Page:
Are Baby Boomers Doomed to Disability?

generic old senior citizen elderly age hands cane
Baby boomers are entering their 60s just in time for a new trend: disability.

One in five 60-somethings need help with basic daily activities -- up from 13 percent just a decade ago. Various disabilities are up 40 percent to 70 percent in 60- to 69-year-olds, UCLA researcher Teresa E. Seeman, PhD, and colleagues find.

Seeman's team analyzed federal disability data collected from people over age 60 in 1988-1994 and in 1999-2004. The most recent data therefore captures only a few of those born during the baby boom of 1946-1964.

But the trends bode ill for boomers.

"Our results have significant and sobering implications," Seeman and colleagues say. "To the extent that persons currently aged 60 to 69 years are harbingers of likely disability trends for the massive baby-boomer generation, the health care and assistance needs of disabled older Americans could, in the not so distant future, impose heavy burdens on families and society."

Compared with those surveyed in 1988-1994, 60-somethings surveyed in 1999-2004 were:

  • 70 percent more likely to have difficulty walking from room to room, getting in and out of bed, and/or eating and dressing.

  • 70 percent more likely to have difficulty doing chores, preparing meals, and/or managing money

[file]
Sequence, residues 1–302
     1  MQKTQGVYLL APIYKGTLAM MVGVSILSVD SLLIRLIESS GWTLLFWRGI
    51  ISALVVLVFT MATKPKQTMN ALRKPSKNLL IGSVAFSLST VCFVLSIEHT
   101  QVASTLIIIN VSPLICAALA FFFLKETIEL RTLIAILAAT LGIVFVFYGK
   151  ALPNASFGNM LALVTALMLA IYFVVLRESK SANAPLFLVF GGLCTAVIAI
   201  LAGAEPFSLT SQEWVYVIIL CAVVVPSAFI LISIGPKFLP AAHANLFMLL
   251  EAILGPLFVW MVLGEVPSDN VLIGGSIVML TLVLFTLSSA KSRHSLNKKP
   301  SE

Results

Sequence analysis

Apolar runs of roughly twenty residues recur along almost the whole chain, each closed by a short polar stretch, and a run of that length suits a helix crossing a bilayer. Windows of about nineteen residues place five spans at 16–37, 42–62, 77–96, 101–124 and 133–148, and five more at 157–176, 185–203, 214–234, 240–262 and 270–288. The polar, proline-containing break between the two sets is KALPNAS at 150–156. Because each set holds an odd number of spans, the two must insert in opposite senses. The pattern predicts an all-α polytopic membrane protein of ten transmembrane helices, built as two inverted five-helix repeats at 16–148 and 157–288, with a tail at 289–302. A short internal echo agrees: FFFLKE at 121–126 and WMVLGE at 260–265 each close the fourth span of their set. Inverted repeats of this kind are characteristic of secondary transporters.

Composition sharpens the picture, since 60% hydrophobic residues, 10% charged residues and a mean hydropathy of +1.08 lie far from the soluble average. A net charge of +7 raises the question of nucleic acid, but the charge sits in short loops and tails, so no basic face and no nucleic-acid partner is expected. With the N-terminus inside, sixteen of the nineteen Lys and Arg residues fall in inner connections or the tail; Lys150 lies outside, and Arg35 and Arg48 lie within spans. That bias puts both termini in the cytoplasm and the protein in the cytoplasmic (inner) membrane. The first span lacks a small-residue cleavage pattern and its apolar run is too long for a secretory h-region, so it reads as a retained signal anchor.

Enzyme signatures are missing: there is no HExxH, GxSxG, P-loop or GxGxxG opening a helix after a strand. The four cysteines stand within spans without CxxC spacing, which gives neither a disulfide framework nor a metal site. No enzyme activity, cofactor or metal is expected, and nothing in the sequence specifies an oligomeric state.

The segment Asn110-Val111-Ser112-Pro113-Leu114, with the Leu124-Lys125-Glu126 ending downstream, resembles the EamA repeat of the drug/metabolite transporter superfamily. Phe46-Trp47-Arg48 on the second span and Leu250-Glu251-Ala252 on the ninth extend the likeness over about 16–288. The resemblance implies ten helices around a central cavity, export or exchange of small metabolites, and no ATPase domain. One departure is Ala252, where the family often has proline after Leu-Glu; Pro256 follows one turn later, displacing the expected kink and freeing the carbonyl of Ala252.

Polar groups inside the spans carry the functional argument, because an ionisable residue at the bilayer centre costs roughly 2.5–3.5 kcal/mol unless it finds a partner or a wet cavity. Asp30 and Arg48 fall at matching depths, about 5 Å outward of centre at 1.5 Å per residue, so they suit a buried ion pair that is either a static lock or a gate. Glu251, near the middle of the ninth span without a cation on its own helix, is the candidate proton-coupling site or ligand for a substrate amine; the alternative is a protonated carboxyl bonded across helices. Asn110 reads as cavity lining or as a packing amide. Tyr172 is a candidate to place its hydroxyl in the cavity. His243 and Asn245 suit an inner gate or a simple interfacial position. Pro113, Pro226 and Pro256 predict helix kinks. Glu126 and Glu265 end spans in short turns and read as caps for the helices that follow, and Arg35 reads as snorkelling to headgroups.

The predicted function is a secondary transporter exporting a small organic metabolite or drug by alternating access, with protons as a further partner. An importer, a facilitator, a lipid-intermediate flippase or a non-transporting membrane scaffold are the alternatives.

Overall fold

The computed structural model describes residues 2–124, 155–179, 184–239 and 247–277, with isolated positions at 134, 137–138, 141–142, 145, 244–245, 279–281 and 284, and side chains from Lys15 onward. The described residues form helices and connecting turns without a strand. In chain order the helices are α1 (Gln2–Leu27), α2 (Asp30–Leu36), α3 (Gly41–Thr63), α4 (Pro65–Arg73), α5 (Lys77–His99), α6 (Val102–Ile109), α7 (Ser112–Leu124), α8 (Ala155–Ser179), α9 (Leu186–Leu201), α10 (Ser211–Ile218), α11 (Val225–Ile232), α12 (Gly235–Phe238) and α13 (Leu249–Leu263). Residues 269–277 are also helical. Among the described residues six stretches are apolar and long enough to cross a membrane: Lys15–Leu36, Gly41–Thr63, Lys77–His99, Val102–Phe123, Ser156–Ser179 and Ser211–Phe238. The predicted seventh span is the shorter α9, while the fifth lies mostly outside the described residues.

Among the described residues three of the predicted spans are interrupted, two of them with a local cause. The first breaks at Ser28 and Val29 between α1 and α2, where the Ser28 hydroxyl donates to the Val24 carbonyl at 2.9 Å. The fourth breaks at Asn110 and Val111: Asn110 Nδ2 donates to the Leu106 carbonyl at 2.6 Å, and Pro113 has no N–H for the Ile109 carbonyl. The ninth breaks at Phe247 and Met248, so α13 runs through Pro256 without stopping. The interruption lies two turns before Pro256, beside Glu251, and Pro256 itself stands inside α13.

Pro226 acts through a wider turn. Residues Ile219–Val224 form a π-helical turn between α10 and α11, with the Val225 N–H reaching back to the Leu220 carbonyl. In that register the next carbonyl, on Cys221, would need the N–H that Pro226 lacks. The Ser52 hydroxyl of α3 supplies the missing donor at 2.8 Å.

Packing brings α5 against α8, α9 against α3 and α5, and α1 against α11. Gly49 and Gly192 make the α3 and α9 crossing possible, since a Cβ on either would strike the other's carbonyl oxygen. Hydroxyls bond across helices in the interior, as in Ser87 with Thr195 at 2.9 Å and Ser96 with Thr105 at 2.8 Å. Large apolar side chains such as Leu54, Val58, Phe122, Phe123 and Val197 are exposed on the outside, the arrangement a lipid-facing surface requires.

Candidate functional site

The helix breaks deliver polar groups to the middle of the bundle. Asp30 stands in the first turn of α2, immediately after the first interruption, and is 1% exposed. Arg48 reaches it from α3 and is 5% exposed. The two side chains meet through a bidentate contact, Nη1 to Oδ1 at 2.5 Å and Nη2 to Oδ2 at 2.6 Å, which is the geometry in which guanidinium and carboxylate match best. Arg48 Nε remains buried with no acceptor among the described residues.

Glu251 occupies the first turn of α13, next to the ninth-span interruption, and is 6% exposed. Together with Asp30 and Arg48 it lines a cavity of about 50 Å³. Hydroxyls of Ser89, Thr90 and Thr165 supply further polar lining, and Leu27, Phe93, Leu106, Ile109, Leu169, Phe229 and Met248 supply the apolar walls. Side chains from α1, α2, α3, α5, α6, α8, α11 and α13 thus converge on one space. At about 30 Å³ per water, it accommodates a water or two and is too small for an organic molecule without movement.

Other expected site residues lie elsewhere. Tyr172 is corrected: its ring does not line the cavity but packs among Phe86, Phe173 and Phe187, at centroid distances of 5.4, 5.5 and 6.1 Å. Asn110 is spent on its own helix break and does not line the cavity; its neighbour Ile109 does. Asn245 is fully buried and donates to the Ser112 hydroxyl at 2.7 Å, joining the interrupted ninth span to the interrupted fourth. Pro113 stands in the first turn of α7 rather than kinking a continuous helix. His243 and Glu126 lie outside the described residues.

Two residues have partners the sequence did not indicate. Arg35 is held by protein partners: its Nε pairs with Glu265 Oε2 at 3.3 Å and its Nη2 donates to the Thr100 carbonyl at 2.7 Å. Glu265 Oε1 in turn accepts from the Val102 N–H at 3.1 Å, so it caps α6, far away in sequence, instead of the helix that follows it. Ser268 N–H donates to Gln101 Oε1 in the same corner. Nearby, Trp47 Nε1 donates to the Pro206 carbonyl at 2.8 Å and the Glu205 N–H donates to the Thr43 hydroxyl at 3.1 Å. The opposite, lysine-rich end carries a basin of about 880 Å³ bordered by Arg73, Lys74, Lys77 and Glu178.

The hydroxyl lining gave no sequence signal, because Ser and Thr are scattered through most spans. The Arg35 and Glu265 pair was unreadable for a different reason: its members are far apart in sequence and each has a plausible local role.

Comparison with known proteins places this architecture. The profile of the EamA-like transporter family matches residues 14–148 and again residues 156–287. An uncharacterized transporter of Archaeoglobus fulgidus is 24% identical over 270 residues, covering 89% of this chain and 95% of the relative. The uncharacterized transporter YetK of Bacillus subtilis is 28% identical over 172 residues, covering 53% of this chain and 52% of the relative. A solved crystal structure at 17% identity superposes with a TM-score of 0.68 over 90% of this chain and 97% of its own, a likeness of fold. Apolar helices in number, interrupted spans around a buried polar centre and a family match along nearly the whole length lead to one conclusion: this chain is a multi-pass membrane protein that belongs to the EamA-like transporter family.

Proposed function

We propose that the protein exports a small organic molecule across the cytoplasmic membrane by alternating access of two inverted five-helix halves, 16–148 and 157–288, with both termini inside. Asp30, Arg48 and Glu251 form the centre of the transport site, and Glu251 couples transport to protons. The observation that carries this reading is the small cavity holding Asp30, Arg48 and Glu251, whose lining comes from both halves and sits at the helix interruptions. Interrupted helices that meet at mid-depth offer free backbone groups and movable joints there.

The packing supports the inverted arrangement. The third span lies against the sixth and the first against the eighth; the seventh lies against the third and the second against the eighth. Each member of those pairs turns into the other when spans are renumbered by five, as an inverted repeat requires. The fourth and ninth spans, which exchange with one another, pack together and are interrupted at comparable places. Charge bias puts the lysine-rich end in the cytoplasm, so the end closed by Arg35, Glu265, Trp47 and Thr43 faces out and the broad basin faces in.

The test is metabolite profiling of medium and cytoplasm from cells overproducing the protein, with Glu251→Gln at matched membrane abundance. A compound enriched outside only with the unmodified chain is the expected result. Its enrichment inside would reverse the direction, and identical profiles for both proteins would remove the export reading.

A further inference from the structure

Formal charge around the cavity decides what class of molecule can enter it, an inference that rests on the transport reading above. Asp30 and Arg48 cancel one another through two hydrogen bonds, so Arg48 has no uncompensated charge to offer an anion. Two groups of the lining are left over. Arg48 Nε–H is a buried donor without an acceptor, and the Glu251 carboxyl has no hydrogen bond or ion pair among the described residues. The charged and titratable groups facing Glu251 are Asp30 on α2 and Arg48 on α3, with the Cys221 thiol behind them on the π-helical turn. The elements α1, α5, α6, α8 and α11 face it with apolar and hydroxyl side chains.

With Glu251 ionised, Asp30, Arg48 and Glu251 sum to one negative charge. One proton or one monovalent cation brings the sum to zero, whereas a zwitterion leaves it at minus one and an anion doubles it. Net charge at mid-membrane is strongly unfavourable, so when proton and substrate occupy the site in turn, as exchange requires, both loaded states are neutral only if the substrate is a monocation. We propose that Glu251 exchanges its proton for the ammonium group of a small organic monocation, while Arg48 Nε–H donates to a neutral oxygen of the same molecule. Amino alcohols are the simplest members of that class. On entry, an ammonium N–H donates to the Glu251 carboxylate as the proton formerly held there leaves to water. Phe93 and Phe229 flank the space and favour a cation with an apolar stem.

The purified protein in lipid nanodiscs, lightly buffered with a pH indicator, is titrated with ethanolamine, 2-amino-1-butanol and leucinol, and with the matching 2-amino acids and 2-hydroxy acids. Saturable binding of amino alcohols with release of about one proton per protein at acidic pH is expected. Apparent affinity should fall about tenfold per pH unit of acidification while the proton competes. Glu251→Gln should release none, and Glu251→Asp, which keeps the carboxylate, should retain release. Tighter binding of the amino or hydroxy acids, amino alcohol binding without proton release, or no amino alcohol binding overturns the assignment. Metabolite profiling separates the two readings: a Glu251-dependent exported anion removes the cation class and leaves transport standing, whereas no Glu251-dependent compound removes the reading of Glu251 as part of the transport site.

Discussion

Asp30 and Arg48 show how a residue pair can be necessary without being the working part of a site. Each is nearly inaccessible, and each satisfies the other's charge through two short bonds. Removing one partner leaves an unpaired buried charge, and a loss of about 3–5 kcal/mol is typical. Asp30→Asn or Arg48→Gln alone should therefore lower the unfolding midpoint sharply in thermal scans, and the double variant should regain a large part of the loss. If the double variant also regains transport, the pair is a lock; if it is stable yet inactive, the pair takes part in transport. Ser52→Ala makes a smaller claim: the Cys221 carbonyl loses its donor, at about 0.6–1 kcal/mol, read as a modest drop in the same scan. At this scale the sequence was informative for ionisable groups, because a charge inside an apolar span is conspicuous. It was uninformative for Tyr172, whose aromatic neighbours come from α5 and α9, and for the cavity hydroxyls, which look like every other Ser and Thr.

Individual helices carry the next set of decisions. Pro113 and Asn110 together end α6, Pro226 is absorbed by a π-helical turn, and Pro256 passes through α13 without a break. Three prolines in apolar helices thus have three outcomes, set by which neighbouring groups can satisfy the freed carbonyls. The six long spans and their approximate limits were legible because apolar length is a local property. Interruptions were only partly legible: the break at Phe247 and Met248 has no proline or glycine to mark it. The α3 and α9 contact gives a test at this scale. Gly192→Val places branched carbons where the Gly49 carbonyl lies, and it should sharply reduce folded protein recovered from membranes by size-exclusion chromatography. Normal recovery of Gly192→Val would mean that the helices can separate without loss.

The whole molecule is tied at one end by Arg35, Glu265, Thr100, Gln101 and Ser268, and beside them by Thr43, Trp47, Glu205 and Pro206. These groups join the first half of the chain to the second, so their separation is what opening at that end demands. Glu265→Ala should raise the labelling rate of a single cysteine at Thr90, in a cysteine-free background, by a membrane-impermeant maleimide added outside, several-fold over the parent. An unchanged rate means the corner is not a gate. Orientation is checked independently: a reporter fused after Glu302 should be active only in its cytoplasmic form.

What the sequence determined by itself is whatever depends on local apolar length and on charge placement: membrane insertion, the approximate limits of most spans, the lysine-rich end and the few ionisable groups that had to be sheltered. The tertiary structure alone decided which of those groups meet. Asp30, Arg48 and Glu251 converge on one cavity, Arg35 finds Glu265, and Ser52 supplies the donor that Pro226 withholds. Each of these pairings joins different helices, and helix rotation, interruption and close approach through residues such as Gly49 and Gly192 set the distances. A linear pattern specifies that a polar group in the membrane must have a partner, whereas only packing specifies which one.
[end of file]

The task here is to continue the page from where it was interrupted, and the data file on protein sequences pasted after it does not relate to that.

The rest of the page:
• 50 percent more likely to have difficulty walking a quarter mile and/or walking up 10 steps without rest

  • 40 percent more likely to have difficulty stooping, crouching, or kneeling; lifting or carrying 10 pounds; and/or standing from an armless chair.
  • Not surprisingly, given the ongoing obesity epidemic, people who entered their 60s from 1999 to 2004 were much more likely to be obese, to have a too-large waist size, and to get less exercise than those who turned 60 from 1988-1994.

    Disability was significantly more likely among obese or overweight 60-somethings and among African-Americans and Hispanic-Americans. But neither health status, health behavior, race or ethnicity -- taken separately or together -- fully explained the trend toward more disability.

    Seeman and colleagues report their findings in the American Journal of
    Public Health
    , published online ahead of print on Nov. 12.
    By Daniel DeNoon
    Reviewed by Louise Chang
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